While traveling to LIV Golf’s season-opening event in Mexico, Greg Norman posted to social media two photos of himself on a private jet, one as he read, the other while gazing meditatively through the window. The accompanying caption read: “Books are the training weights of the mind — Epictetus.”
In keeping with the custom of his every waking hour, it was carefully staged image-building, suggesting a swashbuckling captain of industry on another successful sortie. With the time spent curating selfies, Norman could have scrolled to another quote from Epictetus — or, more accurately, from his transcribing student Arrian, since the Greek Stoic himself left no writings: “Neither should a ship rely on one small anchor, nor should life rest on a single hope.”
Norman’s LIV Golf has a solitary anchor that prevents it from being dashed on the rocks of commercial reality, the Public Investment Fund of Saudi Arabia. When it comes to an ability to throw good money after bad, the PIF is an enviable ally to have. But as Norman opens LIV’s second season with his trademark delusional enthusiasm masquerading as unstoppable momentum, he must worry that legal developments in California’s Northern District might prompt that affluent anchor to cast him adrift.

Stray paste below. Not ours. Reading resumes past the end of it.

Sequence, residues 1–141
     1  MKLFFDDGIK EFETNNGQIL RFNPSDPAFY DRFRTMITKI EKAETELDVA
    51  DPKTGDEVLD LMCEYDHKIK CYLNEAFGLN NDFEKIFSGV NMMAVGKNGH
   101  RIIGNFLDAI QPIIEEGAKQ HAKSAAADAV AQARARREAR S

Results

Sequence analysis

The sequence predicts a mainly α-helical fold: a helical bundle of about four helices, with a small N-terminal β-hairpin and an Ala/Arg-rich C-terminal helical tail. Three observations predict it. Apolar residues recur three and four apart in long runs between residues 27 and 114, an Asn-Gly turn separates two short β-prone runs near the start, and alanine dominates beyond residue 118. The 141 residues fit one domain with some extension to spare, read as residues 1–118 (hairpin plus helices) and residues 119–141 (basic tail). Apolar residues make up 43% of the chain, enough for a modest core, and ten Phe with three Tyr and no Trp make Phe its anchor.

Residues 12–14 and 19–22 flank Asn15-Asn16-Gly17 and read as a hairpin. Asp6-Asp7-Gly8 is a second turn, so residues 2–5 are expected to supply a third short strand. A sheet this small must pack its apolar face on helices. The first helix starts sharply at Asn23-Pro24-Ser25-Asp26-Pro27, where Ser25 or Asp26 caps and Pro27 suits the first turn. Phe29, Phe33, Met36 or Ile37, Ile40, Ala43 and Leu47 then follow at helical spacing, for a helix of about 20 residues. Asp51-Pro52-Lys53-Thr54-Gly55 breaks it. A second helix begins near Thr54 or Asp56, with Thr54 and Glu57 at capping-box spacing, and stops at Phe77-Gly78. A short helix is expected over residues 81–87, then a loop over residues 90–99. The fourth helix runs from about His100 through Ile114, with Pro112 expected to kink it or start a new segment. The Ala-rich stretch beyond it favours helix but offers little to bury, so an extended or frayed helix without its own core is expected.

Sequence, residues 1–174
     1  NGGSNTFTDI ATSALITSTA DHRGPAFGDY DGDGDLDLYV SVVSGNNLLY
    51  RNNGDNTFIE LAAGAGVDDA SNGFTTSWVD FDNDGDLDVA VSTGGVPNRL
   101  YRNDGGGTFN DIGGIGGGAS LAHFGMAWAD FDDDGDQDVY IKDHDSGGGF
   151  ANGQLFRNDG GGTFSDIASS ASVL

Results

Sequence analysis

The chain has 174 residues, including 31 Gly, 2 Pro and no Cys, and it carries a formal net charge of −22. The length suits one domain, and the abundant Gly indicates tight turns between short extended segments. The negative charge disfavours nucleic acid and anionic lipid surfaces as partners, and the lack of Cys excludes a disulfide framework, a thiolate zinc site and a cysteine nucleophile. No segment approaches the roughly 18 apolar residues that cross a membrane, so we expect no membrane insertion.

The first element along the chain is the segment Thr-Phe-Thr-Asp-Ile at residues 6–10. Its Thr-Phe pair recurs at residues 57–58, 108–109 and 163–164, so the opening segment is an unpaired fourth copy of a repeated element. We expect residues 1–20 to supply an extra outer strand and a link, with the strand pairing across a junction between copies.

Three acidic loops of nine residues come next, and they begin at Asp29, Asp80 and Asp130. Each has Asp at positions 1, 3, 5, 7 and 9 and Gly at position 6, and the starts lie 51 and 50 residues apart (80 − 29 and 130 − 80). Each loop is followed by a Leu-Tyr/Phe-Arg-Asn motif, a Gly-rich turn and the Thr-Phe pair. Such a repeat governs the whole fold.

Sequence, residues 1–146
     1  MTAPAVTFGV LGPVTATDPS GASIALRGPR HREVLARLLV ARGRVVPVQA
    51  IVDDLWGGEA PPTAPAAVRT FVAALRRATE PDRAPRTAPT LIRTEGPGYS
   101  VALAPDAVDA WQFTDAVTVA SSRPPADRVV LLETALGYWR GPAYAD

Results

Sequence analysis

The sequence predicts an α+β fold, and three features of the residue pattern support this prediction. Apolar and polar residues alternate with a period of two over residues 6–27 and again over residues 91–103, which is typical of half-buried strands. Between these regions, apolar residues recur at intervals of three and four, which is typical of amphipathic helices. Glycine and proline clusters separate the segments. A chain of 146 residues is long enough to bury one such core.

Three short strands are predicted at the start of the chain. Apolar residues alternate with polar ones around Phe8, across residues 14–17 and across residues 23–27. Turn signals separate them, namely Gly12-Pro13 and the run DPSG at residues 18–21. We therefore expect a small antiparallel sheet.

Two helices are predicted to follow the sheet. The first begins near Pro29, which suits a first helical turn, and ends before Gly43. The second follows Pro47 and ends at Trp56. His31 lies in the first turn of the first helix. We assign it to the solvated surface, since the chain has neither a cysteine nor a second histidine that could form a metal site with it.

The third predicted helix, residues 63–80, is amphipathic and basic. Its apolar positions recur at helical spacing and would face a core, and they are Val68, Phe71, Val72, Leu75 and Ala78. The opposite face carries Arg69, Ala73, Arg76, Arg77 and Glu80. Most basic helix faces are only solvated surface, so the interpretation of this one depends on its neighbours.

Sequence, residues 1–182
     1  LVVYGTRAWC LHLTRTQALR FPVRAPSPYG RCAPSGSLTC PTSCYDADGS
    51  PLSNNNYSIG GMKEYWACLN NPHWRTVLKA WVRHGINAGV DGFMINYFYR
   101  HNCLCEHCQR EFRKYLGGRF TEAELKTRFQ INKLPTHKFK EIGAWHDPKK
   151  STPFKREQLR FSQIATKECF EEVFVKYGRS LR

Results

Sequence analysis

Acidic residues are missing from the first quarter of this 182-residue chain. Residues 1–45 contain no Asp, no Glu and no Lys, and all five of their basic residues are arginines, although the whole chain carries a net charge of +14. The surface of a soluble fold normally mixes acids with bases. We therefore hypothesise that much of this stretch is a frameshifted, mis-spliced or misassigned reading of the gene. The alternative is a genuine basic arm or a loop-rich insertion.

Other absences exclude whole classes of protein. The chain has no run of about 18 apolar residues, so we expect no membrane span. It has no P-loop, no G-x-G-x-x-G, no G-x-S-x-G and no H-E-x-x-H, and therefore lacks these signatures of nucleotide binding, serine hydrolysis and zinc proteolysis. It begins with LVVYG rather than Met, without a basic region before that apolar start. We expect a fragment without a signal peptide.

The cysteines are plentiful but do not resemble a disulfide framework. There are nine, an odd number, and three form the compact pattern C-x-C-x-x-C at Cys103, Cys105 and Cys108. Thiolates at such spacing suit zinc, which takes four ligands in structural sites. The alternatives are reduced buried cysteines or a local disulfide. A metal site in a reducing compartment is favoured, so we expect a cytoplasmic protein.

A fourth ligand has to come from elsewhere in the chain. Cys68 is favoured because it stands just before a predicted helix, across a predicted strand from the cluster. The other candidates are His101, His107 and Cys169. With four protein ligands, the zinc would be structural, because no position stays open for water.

The past week brought disappointments that the flaxen-haired finger puppet has seldom experienced outside of Augusta National.
On Feb. 16, the court rejected arguments by the Saudi investment fund and its governor, Yasir Al-Rumayyan, that they should not have to comply with discovery requests in LIV’s antitrust action against the PGA Tour. Producing documents or submitting to a deposition, Saudi lawyers argued, would violate sovereign immunity and endanger Al-Rumayyan, who is under no illusions about the mercurial brutality of the Crown Prince for whom he functions as bagman (hey, caveat emptor!). But because Al-Rumayyan is involved in decision-making and the Fund owns 93% of LIV (while paying 100% of its costs), the pretense of being a mere investor was dismissed and the court compelled them to comply.
Then, on Feb. 21 Judge Beth Labson Freeman granted the Tour’s request to add Al-Rumayyan and the Fund as co-defendants in its countersuit against LIV that alleges interference with player contracts. Now a party in the litigation, the Saudi Fund and its chief can no longer rebuff the jurisdiction of the very court whose protection they sought. Within hours, the Kingdom…
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